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at last, "I must be plain with you, signor (cried she), I see that I have excited your curiosity, but my vanity forbids me to gratify it. My face has, in truth, not a single charm to boast of; and after all the professions of admiration, which you have lavished upon me,
think how my pride would be mortified to behold you erect your eyes with disgust, from that countenance which are now so anxious to behold."
For some time the duke pleaded in vain; at length half-willing, half-reluctant, she suffered him to take off her mask; never had he beheld a countenance so fascinating, her features indeed were not regular, but her dark and brilliant eyes, her small ruby mouth, and the animated expression which constituted the principal charm of her face, struck the duke with the utmost admiration.
Well, signor (cried she with a gay air), does your violence proceed from terror?" He caught her in his arms.
«Hold (said she, resentfully), if my favours are to be repaid with insult." "Pardon me, lovely signora (cried the duke, interrupting her), and allow for the force of your charms on a susceptible heart; I thought indeed to have seen beauty, but I did not expect to have beheld such uncommon loveliness; wonder not then, that taken by surprise, I forgot for a single moment, that respect which is your due."
"Did you then really suppose (said she smiling), that I was the frightful creature, I represented myself to be? Oh, signor, how little do you know of our sex; had that been the case, believe me it is the last thing I should have avowed. Beauty is the gift of all others which our sex most wish to be thought possessed of it, nor is there any woman, who would chuse to own herself destitute of all pretensions to it, if she was conscious that she was speaking the truth. You will think me a strange
mad creature, for thus betraying to you the secrets of the sex, but
"I think you are altogether the loveliest, the most fascinating angel that I ever beheld (exclaimed the duke), let me know, I beseech you, who and never shall you have cause to repent your confidence."
A long conversation ensued, but the sylph was determined to preserve her incognito. She gave the duke hopes of seeing her again, and when they parted, she strictly charged him not to follow or endeavour to trace her.
"Your doing so (said she), will be vain, for you will find it impossible to discover who I am; and should I learn that you have disobeyed my commands, you will never behold me again."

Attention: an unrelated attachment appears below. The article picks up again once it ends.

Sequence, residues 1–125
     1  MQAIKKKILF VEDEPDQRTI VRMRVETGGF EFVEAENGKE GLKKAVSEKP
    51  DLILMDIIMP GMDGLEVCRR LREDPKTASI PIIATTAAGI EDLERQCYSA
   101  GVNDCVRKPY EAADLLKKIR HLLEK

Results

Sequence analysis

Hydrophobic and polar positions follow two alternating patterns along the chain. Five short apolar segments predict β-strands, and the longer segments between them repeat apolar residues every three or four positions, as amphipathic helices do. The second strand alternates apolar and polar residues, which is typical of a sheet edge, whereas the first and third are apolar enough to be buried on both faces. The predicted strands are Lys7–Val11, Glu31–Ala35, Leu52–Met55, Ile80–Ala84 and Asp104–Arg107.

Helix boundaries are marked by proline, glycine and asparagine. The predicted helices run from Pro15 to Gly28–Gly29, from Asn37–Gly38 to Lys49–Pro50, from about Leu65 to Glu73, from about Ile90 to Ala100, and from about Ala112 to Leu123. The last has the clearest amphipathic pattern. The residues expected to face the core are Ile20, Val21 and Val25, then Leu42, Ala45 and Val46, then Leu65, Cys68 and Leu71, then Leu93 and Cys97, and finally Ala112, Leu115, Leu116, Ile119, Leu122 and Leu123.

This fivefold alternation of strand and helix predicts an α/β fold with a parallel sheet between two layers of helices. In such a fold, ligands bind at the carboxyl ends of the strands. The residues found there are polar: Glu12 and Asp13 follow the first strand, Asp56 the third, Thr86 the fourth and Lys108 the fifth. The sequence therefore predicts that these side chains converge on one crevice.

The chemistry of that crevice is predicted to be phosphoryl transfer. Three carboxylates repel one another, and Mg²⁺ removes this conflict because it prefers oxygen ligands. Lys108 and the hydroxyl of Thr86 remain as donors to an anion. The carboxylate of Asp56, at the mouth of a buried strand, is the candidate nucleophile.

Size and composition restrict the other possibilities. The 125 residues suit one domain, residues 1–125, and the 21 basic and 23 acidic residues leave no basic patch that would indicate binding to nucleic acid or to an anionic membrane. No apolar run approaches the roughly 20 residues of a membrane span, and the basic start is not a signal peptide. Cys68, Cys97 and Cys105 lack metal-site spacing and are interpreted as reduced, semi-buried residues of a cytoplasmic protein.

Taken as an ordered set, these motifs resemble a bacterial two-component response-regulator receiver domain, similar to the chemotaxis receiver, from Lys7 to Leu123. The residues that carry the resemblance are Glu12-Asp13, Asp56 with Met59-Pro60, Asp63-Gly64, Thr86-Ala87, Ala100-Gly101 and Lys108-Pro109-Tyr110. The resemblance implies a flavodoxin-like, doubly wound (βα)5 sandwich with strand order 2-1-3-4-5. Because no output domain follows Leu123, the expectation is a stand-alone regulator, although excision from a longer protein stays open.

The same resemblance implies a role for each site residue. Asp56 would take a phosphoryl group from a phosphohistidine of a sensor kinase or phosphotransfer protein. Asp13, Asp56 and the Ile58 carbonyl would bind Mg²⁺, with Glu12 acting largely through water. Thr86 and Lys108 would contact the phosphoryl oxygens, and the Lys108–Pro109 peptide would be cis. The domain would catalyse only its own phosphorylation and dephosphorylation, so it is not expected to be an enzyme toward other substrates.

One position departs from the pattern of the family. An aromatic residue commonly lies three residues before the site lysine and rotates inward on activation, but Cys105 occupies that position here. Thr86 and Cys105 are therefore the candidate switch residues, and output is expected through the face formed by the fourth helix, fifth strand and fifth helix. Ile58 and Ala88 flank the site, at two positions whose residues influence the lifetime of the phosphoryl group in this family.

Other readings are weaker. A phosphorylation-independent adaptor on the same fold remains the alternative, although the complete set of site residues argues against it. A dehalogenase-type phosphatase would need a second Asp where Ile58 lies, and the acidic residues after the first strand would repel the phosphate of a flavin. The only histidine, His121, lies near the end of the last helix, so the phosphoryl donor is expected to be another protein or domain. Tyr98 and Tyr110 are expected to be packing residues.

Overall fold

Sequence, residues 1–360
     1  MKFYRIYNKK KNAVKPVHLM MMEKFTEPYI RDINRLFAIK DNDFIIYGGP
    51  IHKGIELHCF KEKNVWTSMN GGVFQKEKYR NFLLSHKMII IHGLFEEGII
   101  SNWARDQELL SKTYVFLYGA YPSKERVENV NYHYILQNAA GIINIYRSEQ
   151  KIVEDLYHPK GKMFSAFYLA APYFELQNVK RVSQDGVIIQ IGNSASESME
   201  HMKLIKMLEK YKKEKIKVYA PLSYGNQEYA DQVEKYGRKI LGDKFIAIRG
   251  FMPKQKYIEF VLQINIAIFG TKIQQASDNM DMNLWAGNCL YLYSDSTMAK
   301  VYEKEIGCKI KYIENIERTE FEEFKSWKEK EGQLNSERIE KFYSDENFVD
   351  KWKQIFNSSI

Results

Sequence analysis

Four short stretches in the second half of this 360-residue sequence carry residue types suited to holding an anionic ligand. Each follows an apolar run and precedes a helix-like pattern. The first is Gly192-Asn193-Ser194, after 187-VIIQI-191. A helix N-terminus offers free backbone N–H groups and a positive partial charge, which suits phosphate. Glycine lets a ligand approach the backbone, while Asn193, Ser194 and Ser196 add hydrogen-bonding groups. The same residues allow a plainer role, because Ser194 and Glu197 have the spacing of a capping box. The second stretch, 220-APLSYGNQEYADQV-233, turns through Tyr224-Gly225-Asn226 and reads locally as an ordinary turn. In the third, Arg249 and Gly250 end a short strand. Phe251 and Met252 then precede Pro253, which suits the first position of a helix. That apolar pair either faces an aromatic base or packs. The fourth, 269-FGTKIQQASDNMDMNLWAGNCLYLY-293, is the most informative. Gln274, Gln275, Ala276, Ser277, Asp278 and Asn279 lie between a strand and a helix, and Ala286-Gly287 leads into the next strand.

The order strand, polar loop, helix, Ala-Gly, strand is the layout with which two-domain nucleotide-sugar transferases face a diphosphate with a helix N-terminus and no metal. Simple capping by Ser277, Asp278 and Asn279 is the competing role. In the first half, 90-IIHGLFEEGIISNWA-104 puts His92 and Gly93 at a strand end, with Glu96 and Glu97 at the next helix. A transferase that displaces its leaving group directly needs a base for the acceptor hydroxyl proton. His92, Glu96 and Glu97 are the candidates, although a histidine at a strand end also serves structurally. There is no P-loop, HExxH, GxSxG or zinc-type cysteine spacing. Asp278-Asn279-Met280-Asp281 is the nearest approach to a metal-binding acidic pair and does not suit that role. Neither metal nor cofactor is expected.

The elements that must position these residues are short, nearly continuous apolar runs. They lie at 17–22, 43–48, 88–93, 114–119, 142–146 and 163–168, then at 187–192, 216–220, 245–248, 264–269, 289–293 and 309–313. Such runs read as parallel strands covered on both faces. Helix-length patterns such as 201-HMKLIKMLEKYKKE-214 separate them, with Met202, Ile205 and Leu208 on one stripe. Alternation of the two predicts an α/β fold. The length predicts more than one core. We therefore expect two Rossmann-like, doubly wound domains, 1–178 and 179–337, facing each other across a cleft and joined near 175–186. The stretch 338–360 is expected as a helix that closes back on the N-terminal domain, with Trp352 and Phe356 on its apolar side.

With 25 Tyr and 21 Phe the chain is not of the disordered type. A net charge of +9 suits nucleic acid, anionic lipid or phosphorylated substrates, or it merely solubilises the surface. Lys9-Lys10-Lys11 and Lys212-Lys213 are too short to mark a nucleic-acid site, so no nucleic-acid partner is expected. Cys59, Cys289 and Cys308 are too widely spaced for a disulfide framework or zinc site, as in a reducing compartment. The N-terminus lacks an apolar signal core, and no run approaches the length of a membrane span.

"That threat is sufficient to make me all obedience" (cried the duke).
"Your obedience shall be rewarded (returned she), and now, signor, farewel."
She quitted him as she spoke, and for a moment he was tempted to transgress the promise which he had just given, and follow her; but the dread of losing her prevented him; he had never before seen a woman that interested him so much; the voluptuous graces of her person, made a strong impression upon his senses; while the apparent levity of her manners, promised success to his designs upon her, and the air of elegance that accompanied her every word and action, convinced him that his adventure was not a common
In this respect, he was indeed right, for he was about to become the victim of a deeply laid plot, and those arts which he had without scruple employed for the destruction of many unfortunate females, who had caught his light and fickle fancy, were speedily to be retorted upon himself; but wholly unsuspicious of the snare that was laid for him, he ran into it with avidity.
CLAUDIA FENINI (the enchantress who had fascinated the duke), was the daughter of a peasant, and her early days were spent in the most sordid poverty, and the grossest ignorance. Nature, which had been liberal to the person of Claudia, had also given her the strongest mental powers; but even from her birth her heart was depraved, and her vicious and ungovernable temper was a source of continual uneasiness to her parents. At a very early age, Claudia was sensible how much she was superior to her rustic companions, and her heart